Full Frame Documentary Shorts, Volume 2
We saw Volume One of this series, but it must have been before I started writing these reviews, because I can’t find it. We both enjoy documentary short subjects, a category sadly neglected since multiplexes began showing nothing but one feature, some trailers, and lately a few commercials. Maybe the Internet will give them a new outlet.
“Crowfilm” (Edward P. Davee) I don’t like crows much. Maybe it has to do with The Birds. This is all footage of crows, but it’s not a nature film. Mostly it’s just B&W images strung together, scratched, burned, solarized, and treated in any other way to make it look arty. A lot of it was done with an old Super 8 camera. (Where on Earth did he get Super 8 film? I guess somebody must still make it.) Our only thrill was when Lee realized some of it had been filmed in Oaks Bottom on the Willamette River in Portland, one of her favorite places.
“Ms. Alabama Nursing Home” (Anne Paas) I had deeply mixed feelings about this one. I’ve just spent much more time in a nursing home than I ever wanted to, and they are very depressing places, surprise, surprise. This is like the other end of the Jon-Benet Ramsey madness: a beauty pageant for very old ladies. How old? Well, when ten finalists go up on the stage you wouldn’t be surprised if nine came back. The lady we follow has a continuous oxygen feed, and wins 2nd runner-up … which is a lot more significant than it is in Miss America, because the winner and runner-up may very well bite it before the next contest, so you can easily move up … I guess my negative feelings stem from the dog-show atmosphere of all pageants. Fine for dogs, not so great for humans. However, they all seemed to be having fun, so who am I to complain?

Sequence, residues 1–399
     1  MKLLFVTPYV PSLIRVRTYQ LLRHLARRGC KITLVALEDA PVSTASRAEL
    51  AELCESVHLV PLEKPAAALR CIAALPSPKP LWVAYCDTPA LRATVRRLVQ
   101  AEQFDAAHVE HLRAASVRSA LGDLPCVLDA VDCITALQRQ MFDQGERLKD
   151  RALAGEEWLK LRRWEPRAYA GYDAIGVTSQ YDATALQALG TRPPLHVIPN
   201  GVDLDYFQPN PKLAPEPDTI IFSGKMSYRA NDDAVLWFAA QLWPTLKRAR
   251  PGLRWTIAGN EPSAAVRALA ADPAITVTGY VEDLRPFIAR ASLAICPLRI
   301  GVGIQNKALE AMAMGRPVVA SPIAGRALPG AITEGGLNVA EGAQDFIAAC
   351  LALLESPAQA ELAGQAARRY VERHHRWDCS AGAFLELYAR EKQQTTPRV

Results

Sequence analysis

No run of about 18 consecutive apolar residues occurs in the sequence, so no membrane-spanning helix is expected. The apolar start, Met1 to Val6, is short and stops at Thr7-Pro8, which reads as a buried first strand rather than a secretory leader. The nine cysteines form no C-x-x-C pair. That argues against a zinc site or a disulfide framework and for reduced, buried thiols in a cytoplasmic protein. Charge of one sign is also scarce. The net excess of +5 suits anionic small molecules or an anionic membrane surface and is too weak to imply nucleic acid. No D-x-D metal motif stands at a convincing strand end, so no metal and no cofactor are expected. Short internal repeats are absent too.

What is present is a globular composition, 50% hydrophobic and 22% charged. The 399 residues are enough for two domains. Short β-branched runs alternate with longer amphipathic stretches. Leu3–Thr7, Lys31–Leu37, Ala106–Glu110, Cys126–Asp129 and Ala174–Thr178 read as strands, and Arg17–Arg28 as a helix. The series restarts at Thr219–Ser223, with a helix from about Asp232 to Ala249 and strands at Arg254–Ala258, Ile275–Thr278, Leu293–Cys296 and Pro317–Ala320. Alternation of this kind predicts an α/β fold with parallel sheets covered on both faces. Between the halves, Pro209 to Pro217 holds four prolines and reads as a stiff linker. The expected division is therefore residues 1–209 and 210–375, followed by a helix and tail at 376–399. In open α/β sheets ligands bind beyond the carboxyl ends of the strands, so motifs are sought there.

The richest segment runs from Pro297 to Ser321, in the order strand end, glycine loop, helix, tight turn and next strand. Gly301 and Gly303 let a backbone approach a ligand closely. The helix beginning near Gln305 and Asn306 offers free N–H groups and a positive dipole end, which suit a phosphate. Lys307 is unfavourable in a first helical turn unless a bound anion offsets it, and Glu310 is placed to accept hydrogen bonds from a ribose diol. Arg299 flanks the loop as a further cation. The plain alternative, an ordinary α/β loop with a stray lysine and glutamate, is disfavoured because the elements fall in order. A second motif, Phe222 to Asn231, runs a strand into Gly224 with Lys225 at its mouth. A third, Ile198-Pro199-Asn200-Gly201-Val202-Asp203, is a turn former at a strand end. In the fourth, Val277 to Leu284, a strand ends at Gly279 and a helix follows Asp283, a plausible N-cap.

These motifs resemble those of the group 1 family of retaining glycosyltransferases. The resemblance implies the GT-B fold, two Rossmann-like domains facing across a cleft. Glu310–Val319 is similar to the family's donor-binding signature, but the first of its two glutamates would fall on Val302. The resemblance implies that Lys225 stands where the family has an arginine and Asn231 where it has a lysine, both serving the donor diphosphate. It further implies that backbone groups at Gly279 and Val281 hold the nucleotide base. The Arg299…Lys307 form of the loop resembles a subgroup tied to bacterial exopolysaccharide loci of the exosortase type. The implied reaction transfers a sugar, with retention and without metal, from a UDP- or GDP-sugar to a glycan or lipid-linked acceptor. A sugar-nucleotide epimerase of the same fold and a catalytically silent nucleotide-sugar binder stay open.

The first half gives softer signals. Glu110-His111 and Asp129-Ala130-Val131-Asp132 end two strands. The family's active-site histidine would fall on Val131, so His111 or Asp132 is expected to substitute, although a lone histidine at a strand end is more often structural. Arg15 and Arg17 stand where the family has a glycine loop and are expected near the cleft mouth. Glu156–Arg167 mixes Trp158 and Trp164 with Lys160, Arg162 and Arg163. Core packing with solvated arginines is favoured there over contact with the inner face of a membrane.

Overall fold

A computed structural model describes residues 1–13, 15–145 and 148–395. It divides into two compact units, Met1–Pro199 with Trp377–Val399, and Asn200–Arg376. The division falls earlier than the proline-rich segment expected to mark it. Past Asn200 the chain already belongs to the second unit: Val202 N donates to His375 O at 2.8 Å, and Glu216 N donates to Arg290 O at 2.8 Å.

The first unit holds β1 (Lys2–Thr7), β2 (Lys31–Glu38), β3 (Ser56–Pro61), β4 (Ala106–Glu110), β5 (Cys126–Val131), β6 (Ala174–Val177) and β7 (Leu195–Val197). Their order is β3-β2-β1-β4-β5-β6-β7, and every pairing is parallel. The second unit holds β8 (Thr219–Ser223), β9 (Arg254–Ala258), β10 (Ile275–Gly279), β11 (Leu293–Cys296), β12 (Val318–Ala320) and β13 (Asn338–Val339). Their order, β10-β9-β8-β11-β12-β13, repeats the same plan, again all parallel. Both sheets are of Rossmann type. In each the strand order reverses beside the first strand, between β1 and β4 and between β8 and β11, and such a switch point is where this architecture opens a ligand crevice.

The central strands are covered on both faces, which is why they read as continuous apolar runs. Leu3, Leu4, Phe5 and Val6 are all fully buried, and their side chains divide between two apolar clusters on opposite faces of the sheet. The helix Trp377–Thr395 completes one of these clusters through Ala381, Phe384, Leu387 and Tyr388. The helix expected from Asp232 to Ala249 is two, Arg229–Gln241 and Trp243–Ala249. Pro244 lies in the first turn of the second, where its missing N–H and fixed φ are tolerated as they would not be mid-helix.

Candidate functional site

“Nutria” (Ted Gessing) God, three distasteful subjects in a row! Don’t like crows? It’s nothing compared to my feelings for nutria. They are rodents almost as big as beavers that are busily destroying wetlands all over Louisiana and Texas. We even had them on Sauvie Island, in Oregon. The film is short, and the main item of interest is the efforts of some Cajun chefs to get people to eat nutria gumbo. I’d eat it; Lee wouldn’t. But she wondered why they didn’t grind them up and feed them to dogs and cats? I couldn’t answer her, but I’ve thought of a reason, and it’s the same reason there is no mouse-flavored cat food: It would gross out the pet owners. While people around the globe are going hungry, we have to select only the finest cuts of beef and chicken for our pets. No stinkin’ nutria for my little darling, thank you very much …